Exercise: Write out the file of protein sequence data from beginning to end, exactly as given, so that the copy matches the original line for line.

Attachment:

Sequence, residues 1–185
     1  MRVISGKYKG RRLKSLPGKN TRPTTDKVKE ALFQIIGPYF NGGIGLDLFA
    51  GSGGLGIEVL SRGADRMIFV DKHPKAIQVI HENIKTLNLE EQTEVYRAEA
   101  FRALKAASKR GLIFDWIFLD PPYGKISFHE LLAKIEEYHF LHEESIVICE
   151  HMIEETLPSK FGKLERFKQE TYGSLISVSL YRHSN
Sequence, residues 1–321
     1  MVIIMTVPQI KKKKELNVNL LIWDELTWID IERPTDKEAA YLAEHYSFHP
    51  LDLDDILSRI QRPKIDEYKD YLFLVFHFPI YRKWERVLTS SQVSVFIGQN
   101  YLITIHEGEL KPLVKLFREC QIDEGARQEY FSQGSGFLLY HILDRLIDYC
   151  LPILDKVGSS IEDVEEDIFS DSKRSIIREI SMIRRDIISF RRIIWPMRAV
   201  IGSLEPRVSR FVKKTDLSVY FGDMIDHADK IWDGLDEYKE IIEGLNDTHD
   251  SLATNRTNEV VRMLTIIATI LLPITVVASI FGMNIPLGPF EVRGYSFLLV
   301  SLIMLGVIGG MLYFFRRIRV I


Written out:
Sequence, residues 1–185
     1  MRVISGKYKG RRLKSLPGKN TRPTTDKVKE ALFQIIGPYF NGGIGLDLFA
    51  GSGGLGIEVL SRGADRMIFV DKHPKAIQVI HENIKTLNLE EQTEVYRAEA
   101  FRALKAASKR GLIFDWIFLD PPYGKISFHE LLAKIEEYHF LHEESIVICE
   151  HMIEETLPSK FGKLERFKQE TYGSLISVSL YRHSN
Sequence, residues 1–321
     1  MVIIMTVPQI KKKKELNVNL LIWDELTWID IERPTDKEAA YLAEHYSFHP
    51  LDLDDILSRI QRPKIDEYKD YLFLVFHFPI YRKWERVLTS SQVSVFIGQN
   101  YLITIHEGEL KPLVKLFREC QIDEGARQEY FSQGSGFLLY HILDRLIDYC
   151  LPILDKVGSS IEDVEEDIFS DSKRSIIREI SMIRRDIISF RRIIWPMRAV
   201  IGSLEPRVSR FVKKTDLSVY FGDMIDHADK IWDGLDEYKE IIEGLNDTHD
   251  SLATNRTNEV VRMLTIIATI LLPITVVASI FGMNIPLGPF EVRGYSFLLV
   301  SLIMLGVIGG MLYFFRRIRV I